The Golden Age of Wild Chicago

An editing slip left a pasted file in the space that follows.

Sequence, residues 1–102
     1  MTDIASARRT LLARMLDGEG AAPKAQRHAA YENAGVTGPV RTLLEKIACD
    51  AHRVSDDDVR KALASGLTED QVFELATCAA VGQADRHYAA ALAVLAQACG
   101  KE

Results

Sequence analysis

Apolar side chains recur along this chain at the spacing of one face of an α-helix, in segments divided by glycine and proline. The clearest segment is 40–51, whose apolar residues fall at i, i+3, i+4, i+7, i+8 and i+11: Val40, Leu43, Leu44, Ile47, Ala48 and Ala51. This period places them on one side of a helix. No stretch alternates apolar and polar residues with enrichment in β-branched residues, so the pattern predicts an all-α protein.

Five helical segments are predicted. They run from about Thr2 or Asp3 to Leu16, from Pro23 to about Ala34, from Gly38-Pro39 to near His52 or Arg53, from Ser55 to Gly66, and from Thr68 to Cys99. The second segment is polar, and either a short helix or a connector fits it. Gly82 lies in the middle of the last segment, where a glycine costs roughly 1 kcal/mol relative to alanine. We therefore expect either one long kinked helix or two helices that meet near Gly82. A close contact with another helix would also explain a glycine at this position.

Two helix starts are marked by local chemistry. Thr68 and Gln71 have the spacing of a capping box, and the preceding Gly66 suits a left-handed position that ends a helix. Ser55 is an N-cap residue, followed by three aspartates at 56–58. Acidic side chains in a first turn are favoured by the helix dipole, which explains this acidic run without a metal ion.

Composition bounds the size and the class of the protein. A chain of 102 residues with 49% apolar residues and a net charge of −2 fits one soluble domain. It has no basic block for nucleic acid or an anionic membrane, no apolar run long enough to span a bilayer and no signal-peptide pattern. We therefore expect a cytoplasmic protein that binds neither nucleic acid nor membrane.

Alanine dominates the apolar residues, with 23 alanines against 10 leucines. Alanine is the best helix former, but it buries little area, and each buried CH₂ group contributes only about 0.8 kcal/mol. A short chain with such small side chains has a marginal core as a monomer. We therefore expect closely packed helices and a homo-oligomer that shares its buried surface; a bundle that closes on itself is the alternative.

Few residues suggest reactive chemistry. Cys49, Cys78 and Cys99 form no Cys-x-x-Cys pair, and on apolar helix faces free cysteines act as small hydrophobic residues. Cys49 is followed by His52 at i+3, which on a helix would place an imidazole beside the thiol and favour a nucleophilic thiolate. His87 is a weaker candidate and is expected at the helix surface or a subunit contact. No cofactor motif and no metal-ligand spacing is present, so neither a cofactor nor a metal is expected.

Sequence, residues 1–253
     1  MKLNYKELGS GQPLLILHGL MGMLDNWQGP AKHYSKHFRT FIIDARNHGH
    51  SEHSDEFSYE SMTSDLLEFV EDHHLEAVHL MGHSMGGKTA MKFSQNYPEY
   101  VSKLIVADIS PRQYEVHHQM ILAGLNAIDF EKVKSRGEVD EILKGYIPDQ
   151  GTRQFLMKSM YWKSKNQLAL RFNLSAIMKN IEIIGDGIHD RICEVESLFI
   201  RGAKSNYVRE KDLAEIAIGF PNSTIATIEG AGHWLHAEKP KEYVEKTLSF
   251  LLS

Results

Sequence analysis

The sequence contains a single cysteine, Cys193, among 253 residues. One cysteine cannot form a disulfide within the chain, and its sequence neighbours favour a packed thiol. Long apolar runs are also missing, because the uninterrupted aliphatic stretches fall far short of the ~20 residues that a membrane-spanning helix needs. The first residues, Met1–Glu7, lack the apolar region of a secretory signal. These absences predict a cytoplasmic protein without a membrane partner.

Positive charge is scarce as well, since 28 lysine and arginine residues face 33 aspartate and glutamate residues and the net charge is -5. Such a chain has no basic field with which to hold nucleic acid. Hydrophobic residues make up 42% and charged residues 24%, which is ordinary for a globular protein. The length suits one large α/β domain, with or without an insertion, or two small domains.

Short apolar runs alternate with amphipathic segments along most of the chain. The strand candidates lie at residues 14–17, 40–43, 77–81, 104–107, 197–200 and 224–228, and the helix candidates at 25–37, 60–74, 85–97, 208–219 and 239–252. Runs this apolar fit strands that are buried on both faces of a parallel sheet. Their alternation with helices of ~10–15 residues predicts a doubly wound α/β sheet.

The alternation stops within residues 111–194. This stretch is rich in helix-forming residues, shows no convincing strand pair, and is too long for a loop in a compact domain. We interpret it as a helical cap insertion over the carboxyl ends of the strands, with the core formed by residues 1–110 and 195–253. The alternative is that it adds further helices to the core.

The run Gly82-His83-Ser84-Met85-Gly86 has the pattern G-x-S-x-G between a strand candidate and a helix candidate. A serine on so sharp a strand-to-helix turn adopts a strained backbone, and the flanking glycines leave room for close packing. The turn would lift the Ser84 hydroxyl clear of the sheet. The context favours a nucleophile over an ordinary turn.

Wild Chicago, which WTTW broadcast on Sunday nights from 1989 to 2003, always gave the Reader its stiffest competition in chronicling local lore, and the new DVD The Golden Age of Wild Chicago, which collects programs from the first two seasons, is a treasure trove of oddballs and oddities from the city and suburbs. Ben Hollis, the original host, and John Davies, who produced and directed, introduce this program of selections, which are funny, weird, and richly evocative of the city in the 80s. At its least imaginative, the show functioned as sort of a hip chamber of commerce; some of the businesses plugged are long gone (Moo & Oink meats in South Shore, Fisherman’s Dude Ranch in Des Plaines) and some are still around (Margie’s Candies in Wicker Park, Tattoo Factory in Uptown, Al Mansour Video in West Ridge, Snackville Junction—a diner with meals delivered by toy train—in Evergreen Park). But there’s some memorable street journalism here as well: interviews with winos in Marquette Park, punk kids at Clark and Belmont, transients at the Greyhound bus station, and Saturday-night drag racers on Elston Avenue. Off-duty Chicago cop Joe Kosala drives around a blighted Wicker Park, parodying Mr. Rogers (“Won’t you be / won’t you be / won’t you be my prisoner”), and a denizen of the Maxworks Cooperative in Little Italy explains how one resident turned a school bus into his own furnished, solar-heated living quarters. Also included are clips of a nervous Mayor Daley giving a tour of his office and an unknown Stephen Colbert killing time in the park.